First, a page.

1. It is not difficult to become captivated by James' conception of "self as knower and self as known." After all, the distinction of self in terms of I and me is in some fashion common-sensical ("I was talking to myself yesterday and . . . "). On other levels it is also charming and amusing. However, Bandura (in press) has pointed out that "reflecting on one's own functioning entails shifting the perspective of the same agent rather than reifying different internal agents or selves regulating each other." Bandura argues that people think, act, and reflect on their actions,
but it is the one and the same person who is doing the thinking and later evaluating the adequacy of one's knowledge, thinking skills, and action strategies. The shift in perspective does not transform one from an agent to an object as the dualist view of the self would lead one to believe. One is just as much an agent reflecting on one's experiences as in executing courses of action. Rather than splitting the self into object and agent, in self-reflection individuals are simultaneously agent and object.
James suggests that "the total self of me, being as it were duplex," is composed of "partly object and partly subject." He is careful to hedge his bet and point out that they are discriminated aspects of self rather than"separate things," but the truth is that they come off rather separate in his description of them (see bottom of page 62, for example). Who's missing what here?
2. Between what a man calls me and what he simply calls mine the line is difficult to draw. What are some powerful implications of this dictum?
3. James writes that
the barometer of our self-esteem and confidence rises and falls from one day to another through causes that seem to be visceral and organic rather than rational, and which certainly answer to no corresponding variations in the esteem in which we are held by our friends.
If this is so, the implications for psychological theory, assessment, and practice are rather enormous. Is it so? Is it less so than it is so? Is it more so than it is not so?
4. Note how James' description of the instinctive impulses that drive the empirical me bear very close resemblance to Maslow's hierarchy.
5. James is especially adept at delivering dictums and aphorisms that make one smile and nod with agreement. For example, "persons for whose opinion we care nothing are nevertheless persons whose notice we woo" or "how pleasant is the day when we give up striving to be young--or slender." And, of course, "Who will not be mine I will exclude from existence altogether; that is, as far as I can make it so, such people shall be as if they were not."(Ouch!). He is also very much the master of the metaphor. What dictums, aphorisms, and metaphors do you find particularly enlightening? Revealing? Discomforting?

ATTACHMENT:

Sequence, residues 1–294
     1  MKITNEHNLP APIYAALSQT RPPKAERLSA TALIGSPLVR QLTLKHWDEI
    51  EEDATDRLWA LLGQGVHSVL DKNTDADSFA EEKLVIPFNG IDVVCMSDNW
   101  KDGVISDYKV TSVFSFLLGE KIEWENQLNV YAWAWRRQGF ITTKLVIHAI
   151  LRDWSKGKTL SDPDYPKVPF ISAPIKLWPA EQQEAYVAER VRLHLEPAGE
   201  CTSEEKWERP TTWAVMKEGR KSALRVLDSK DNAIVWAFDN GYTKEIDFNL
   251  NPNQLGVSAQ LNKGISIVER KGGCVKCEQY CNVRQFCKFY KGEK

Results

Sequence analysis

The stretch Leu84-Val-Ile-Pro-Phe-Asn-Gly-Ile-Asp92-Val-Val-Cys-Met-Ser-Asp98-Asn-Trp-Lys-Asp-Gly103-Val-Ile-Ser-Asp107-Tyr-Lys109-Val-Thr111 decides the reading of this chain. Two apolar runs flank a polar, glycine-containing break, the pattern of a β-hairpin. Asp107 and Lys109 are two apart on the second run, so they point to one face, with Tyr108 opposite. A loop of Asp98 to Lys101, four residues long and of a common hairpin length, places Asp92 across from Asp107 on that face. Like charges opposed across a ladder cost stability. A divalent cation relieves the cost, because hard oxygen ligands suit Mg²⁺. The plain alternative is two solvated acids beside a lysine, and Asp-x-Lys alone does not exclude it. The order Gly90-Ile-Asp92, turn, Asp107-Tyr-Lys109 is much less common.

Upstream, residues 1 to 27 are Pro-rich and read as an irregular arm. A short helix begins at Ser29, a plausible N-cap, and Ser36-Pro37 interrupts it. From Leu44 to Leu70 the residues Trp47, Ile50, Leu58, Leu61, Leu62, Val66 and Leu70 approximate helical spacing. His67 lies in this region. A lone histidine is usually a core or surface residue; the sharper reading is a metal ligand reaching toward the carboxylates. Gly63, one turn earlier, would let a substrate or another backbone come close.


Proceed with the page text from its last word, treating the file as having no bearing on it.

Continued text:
6. James writes that individuals simply cannot be all possible selves in all possible ways because the actions that arise from differing selves differ and are basically incompatible (hence the conflict of the different Me's). Consequently, he urges that "the seeker of his truest, strongest, deepest self must review the list [of selves that he wishes to be] carefully, and pick out the one on which to stake his salvation." So there is a self inside each of us that is truest and strongest and deepest?
Self-esteem = -----------------
Powerful implications here. Thoughts?
8. Note James' first use of the word agent on page 63.
9. James' belief in God permeates his psychology and plays an important role in his understanding of self (particularly of the I). For example, his discussion of the soul as a combining medium of thought or consciousness (pp. 67-68) is permeated with references to a spiritual being and the role that such a being may play in understanding an individual's self. In fact, he argues that psychology must "admit" the Soul. Has it? Should it? Can it?
10. Note on page 73 James' reference to false memories--a topic of some relevance to today's headlines. And note how these memories can play a hand in the "identity found by the I in the me.
11. James is reasonably thorough in providing a conception of "the consciousness of Self." It comes with two discriminated aspects and various subparts of each aspect. It even has a chart. Do you find the conception ultimately satisfying and explanatory? How many purloiners of his basic ideas were you able to identify as you read?